Cast in the lead role as Dr. John Robinson was Guy Williams - born Armando Catalano in 1924 who had several roles on television and films, eventually playing the lead in the series Zorro from 1957-1959. Curiously, "Lost in Space" was his last work, as he retired to Argentina after the series (where "Zorro" was immensely popular) and passed away in 1989 at the age of 65.


At age 86 (and having worked as recently as 2007), June Lockhart has had a long career on stage, in film and on TV. Famous as the mother in Lassie from 1958-1964, she said in a 2004 NPR interview that she has been a spokesperson for NASA, and that astronauts have told her watching Lost in Space (as the wife of Guy Williams) inspired them to seek their careers.


Mark Goddard played Major Don West, always thisclose from strangling Dr. Smith. At age 75, he is a special education teacher in Massachusetts, and released an autobiographical memoir To Space and Back in 2009.


Robinson daughter Judy was portrayed by Marta Kristen - who was born Birgit Rusanen in Oslo, Norway, to a Finnish mother and a German soldier father who was killed during World War II. She was adopted in 1949 by an American couple from Detroit and renamed Marta. She has had film/TV roles into the 1990's and at age 66 is still active in West Coast theater.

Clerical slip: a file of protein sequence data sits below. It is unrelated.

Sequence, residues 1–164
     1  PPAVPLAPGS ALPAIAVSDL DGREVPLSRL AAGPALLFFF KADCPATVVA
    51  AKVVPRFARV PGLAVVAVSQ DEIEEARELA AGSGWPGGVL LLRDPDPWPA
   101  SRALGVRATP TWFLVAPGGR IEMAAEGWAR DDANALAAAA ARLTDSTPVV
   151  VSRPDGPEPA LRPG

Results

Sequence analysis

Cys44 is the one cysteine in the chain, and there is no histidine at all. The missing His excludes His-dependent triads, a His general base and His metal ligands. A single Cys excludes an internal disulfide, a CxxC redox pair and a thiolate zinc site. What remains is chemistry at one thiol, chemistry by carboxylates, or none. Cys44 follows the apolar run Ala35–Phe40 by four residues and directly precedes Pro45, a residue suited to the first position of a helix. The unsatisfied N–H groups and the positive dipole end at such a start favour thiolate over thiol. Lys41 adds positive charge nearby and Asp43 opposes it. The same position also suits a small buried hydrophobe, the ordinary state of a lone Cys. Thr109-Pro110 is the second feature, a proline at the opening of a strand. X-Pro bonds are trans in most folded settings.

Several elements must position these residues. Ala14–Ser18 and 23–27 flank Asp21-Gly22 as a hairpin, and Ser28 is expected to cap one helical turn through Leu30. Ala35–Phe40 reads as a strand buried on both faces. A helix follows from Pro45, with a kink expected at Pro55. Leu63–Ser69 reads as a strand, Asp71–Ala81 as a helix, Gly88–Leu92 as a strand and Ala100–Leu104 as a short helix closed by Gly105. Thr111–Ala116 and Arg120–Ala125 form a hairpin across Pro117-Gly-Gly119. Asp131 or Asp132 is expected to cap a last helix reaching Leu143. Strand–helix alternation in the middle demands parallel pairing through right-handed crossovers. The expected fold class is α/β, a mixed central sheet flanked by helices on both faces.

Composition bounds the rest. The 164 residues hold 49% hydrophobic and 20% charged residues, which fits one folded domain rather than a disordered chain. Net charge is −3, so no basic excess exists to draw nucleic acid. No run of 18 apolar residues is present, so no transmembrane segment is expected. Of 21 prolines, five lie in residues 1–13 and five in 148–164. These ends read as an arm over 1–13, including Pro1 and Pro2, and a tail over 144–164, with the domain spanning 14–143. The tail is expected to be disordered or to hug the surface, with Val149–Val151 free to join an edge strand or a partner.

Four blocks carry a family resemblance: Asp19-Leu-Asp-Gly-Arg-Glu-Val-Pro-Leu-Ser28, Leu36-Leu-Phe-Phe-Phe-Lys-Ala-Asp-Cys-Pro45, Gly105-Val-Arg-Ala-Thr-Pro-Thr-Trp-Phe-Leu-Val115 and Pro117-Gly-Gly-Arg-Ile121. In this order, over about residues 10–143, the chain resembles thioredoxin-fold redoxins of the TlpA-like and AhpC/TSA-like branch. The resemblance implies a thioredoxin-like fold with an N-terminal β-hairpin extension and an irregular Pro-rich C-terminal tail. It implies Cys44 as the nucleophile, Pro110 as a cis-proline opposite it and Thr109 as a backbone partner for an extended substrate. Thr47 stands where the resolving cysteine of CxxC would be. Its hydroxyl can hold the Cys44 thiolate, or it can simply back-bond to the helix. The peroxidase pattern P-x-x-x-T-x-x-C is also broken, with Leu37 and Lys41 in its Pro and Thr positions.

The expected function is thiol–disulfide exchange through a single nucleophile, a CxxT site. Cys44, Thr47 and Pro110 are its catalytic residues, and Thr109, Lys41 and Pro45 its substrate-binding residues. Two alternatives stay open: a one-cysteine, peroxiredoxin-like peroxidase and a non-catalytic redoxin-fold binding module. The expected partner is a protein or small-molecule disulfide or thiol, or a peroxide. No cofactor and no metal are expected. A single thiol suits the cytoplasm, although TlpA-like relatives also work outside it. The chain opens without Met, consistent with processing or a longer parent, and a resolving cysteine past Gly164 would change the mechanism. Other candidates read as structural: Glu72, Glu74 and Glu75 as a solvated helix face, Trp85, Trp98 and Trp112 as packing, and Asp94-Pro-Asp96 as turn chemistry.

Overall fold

Robinson daughter Penny was portrayed by Angela Cartwright who was born in England. A prolific child actress (who appeared in "The Sound of Music" as well as "Make Room for Daddy") she acted into the 1980's, and at age 59 has been a children's photographer for many years.


Young Will Robinson was portrayed by Bill Mumy (pronounced "moo-mee") and has had the most varied career of any of the cast: in television and film, but also as a musician, songwriter, recording artist and writer, in addition to his directing duties. He will turn age 58 on February 1st and is still asked about his "Twilight Zone" episodes, including that of Anthony in the episode It's a Good Life - sending people into the cornfield.